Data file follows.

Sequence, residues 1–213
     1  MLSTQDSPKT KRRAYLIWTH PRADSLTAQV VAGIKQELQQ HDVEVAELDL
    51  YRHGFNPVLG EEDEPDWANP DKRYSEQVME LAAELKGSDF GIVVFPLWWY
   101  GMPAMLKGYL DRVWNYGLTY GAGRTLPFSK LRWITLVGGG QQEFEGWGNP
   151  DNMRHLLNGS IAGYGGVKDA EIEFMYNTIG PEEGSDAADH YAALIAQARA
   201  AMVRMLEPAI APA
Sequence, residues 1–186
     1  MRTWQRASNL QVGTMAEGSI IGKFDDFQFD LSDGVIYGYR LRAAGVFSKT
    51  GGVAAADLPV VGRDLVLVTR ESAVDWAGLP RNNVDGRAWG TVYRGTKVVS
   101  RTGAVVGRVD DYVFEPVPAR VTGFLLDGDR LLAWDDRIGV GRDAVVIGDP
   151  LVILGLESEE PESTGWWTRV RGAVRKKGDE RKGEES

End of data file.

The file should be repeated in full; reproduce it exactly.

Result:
Sequence, residues 1–213
     1  MLSTQDSPKT KRRAYLIWTH PRADSLTAQV VAGIKQELQQ HDVEVAELDL
    51  YRHGFNPVLG EEDEPDWANP DKRYSEQVME LAAELKGSDF GIVVFPLWWY
   101  GMPAMLKGYL DRVWNYGLTY GAGRTLPFSK LRWITLVGGG QQEFEGWGNP
   151  DNMRHLLNGS IAGYGGVKDA EIEFMYNTIG PEEGSDAADH YAALIAQARA
   201  AMVRMLEPAI APA
Sequence, residues 1–186
     1  MRTWQRASNL QVGTMAEGSI IGKFDDFQFD LSDGVIYGYR LRAAGVFSKT
    51  GGVAAADLPV VGRDLVLVTR ESAVDWAGLP RNNVDGRAWG TVYRGTKVVS
   101  RTGAVVGRVD DYVFEPVPAR VTGFLLDGDR LLAWDDRIGV GRDAVVIGDP
   151  LVILGLESEE PESTGWWTRV RGAVRKKGDE RKGEES